It was one of those “I have no idea what we are going to cook, so let’s just have someone else cook for us” nights. So my husband and I took our three young children to dinner at a local restaurant. As we entered the lobby, I saw other families and couples of all ages waiting to be seated. I couldn’t help but notice the different ways each generation interacted.
A husband and wife, who looked as though they had been together for decades, sat contently side by side. A couple busying their young children until their table was ready had that same tired look my husband and I know so well. A teenage pair held hands and whispered to each other. With so many relationship stages represented in one small space, it was easy to see how connection changes over time.
As we ate our meal, however, I noticed one family — a mom and dad with two young children — who sat directly in my line of vision. The mom helped the small boy seated next to her while the dad cared for the younger daughter. During the entire meal, the parents focused on cutting up food into little pieces and cleaning up spilled drinks. Completely consumed by caring for their children, these parents spoke to each other only once, and I believe it was to decide which of them would take the children to the restroom.
While I don’t usually pay such close attention to strangers, the couple’s lack of meaningful interaction was strikingly similar to what was taking place at our own table. The addition of children to our family drastically changed the frequency and way in which my husband and I communicate. In addition, external factors, such as appointments, commute times, work schedules and energy levels, all play a part in our ability to reach out and stay connected to each other.
Even though our culture has more potential for connection today via technology than it had even 10 years ago, many of us still struggle to maintain healthy connection in the midst of outside distractions. With work and children, obligations and responsibilities, commitments to projects and other people demanding our attention, how do we prioritize the relationship with our spouse?
Looking at what a relationship was like in the beginning and comparing it to the way it is now can be emotionally painful. For many people, the changes haven’t been good. As time goes on, we forget the little ways we connected in the beginning. We forget how we used to send a text message midmorning or pick up the phone to call during lunch. We forget that we would pause for a goodbye kiss or actually look forward to connecting at the end of the day rather than just relaxing.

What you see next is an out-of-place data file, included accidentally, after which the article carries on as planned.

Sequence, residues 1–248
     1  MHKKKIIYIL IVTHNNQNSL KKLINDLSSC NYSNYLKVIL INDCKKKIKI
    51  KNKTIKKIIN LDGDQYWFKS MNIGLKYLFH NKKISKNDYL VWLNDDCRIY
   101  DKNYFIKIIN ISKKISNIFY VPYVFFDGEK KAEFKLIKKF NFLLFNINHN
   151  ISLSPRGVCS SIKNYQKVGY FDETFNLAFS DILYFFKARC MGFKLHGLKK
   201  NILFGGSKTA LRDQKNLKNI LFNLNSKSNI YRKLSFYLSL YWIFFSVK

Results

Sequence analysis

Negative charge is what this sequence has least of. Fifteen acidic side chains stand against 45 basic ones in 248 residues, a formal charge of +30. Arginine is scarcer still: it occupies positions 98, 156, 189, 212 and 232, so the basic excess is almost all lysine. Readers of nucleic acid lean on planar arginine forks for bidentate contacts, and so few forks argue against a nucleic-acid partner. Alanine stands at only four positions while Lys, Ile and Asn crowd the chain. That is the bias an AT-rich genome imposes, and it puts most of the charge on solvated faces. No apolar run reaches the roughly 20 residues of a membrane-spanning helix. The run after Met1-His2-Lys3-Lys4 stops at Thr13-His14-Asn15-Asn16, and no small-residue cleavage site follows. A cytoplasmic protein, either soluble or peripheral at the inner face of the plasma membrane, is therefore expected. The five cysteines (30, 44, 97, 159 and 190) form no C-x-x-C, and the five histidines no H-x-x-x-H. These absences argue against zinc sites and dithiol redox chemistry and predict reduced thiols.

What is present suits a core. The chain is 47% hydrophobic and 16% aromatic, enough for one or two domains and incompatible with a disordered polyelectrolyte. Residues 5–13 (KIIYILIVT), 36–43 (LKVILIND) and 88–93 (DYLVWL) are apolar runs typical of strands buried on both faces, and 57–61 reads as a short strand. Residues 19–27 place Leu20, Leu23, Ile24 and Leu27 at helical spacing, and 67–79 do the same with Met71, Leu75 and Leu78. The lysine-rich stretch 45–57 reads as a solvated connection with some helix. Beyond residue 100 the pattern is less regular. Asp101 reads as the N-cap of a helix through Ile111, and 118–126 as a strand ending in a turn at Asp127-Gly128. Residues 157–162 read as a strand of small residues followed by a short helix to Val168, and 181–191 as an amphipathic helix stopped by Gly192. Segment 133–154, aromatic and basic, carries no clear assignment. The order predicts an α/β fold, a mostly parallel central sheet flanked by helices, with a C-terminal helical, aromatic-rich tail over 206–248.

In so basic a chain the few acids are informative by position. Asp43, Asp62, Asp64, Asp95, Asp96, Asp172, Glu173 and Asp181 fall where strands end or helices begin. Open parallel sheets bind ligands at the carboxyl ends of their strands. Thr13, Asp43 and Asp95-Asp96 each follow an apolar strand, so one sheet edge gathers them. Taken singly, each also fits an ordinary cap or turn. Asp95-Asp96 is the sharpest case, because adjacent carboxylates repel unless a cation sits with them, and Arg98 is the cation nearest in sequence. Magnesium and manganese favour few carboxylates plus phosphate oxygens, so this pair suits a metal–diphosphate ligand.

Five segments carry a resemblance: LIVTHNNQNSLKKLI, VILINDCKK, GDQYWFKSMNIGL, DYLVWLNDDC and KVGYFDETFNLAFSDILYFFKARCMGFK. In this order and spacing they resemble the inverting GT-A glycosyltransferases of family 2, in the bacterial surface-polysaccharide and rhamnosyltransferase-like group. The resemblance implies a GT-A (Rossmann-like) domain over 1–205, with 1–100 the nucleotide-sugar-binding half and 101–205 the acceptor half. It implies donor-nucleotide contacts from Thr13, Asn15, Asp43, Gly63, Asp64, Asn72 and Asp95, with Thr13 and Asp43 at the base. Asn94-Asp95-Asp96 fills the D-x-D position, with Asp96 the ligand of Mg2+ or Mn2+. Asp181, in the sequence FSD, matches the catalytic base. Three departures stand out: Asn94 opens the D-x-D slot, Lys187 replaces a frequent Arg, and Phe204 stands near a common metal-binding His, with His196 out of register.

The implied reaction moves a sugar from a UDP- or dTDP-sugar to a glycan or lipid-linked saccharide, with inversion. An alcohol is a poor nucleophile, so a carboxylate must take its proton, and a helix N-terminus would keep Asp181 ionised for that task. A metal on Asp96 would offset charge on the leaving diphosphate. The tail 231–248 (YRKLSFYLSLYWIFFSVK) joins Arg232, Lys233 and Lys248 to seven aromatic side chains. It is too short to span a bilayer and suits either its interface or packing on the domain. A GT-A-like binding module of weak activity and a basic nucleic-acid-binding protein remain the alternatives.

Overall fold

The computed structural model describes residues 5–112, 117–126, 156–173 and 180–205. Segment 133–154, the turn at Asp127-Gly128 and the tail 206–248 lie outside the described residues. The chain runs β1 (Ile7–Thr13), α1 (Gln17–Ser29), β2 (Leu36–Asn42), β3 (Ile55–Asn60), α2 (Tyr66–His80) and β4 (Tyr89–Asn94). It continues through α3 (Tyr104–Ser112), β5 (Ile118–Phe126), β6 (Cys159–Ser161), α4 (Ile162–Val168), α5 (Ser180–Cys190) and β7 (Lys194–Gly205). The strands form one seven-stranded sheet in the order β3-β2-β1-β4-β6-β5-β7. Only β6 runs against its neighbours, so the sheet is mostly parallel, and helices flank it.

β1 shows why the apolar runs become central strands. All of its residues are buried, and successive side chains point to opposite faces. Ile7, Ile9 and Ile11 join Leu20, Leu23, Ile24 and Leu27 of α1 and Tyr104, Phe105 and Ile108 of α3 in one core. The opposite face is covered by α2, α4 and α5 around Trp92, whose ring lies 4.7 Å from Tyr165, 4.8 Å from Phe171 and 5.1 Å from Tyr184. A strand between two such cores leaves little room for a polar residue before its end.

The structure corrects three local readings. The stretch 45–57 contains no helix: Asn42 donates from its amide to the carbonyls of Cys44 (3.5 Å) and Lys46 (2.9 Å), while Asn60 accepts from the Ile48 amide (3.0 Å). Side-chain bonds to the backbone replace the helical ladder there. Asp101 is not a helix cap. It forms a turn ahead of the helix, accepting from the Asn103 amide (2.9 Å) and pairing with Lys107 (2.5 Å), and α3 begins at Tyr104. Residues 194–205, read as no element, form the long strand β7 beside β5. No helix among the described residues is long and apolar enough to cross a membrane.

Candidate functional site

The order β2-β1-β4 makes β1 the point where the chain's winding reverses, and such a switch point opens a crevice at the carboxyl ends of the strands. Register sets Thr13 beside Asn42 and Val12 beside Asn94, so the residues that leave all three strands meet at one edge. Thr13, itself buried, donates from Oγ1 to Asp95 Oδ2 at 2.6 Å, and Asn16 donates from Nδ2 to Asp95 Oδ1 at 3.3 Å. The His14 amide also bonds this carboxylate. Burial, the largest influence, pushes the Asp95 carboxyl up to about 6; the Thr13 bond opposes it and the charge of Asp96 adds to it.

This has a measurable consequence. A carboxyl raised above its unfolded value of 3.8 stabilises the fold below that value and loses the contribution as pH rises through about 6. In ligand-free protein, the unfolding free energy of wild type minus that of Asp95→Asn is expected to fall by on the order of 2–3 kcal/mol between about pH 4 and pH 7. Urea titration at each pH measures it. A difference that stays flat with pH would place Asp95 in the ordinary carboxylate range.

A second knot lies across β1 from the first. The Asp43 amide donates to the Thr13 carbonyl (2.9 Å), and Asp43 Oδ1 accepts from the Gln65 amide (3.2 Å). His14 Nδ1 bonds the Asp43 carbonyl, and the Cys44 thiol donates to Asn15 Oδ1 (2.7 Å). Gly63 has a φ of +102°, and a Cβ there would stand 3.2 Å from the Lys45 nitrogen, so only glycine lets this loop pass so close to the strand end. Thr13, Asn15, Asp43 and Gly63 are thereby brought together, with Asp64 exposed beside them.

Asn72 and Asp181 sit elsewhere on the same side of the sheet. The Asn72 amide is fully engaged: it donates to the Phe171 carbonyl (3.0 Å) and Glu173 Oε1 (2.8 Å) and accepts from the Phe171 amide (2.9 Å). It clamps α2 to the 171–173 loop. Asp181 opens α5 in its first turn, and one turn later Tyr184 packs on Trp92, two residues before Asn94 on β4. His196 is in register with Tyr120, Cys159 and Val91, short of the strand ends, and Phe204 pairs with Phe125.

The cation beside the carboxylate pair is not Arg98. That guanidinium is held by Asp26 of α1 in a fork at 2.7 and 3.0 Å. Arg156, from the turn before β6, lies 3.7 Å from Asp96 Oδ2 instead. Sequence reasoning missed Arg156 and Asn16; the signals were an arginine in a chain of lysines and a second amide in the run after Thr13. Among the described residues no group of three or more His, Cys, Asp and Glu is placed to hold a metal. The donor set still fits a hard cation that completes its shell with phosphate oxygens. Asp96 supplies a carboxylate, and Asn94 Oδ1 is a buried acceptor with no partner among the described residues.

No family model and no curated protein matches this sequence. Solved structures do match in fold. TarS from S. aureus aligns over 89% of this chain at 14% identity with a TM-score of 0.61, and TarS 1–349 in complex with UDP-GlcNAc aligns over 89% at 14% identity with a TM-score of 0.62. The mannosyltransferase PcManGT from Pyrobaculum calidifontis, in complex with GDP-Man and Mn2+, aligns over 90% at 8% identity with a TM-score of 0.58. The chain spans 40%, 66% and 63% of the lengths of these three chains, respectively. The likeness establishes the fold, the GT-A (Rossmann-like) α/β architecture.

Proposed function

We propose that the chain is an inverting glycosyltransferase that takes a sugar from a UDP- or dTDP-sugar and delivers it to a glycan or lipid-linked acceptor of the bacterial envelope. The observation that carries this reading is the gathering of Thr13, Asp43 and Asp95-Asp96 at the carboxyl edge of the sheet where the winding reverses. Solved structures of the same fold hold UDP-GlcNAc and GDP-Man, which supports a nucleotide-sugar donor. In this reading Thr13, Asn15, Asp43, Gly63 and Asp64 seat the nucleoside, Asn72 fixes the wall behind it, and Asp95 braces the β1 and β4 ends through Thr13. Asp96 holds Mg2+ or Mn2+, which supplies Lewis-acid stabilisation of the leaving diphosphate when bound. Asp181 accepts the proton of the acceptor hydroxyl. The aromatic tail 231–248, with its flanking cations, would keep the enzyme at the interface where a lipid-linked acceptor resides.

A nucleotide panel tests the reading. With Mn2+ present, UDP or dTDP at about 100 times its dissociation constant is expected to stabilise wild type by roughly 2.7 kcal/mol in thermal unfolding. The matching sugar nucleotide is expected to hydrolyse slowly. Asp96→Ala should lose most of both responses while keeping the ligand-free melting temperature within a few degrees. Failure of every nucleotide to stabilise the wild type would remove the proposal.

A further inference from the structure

But remembering the relationship as it was in the beginning gives us power and information. To reconnect with our spouse, we don’t have to start new. Since we loved well in the beginning, the first step to reconnecting is simply remembering the small moments and replicating them. If we recall the relationship in healthier seasons, we can implement some of the same loving engagements that came so easily back then. It might be as simple as making your spouse’s coffee.
We reach out
Once we remember what we did during seasons of closeness, we can reach out again in the same ways. Reaching out means turning our heart and our attention toward our spouse whenever an opportunity arises.
We can ask ourselves, Do I have a few minutes before my next meeting, while the kids are napping or while I’m on my break? An email, a phone call, a quick text to say, “I’m thinking of you,” might seem like a small start, but each choice to reach out is a link in the chain of reconnection that builds a stronger bond between husband and wife. Each person and couple need to find out what reaching out looks like for them.
If we’re going to grow intimately with our husband or wife, we must respect the available time we do have to engage with him or her. We must prioritize our relationship whenever we have an opportunity. Making a conscious decision to converse rather than to just sit and decompress after work is where it starts. We put our phones down, turn the television off, resist outside distractions and look each other in the eyes.
Healthy relationships take intentional effort to maintain, and reconnecting can begin when we decide there isn’t any other obligation that’s more important. Whether you’re the young couple holding hands, the parents managing a household of children or the pair enjoying the golden years of love, the three simple steps of remembering, reaching out and respecting your time as a couple can draw you closer together.
Did you know couples are 30 percent less likely to get a divorce if they get some sort of premarital training? If you or someone you know is planning to marry, check out Focus on the Family’s Ready to Wed curriculum, and then prepare for a marriage you’ll love!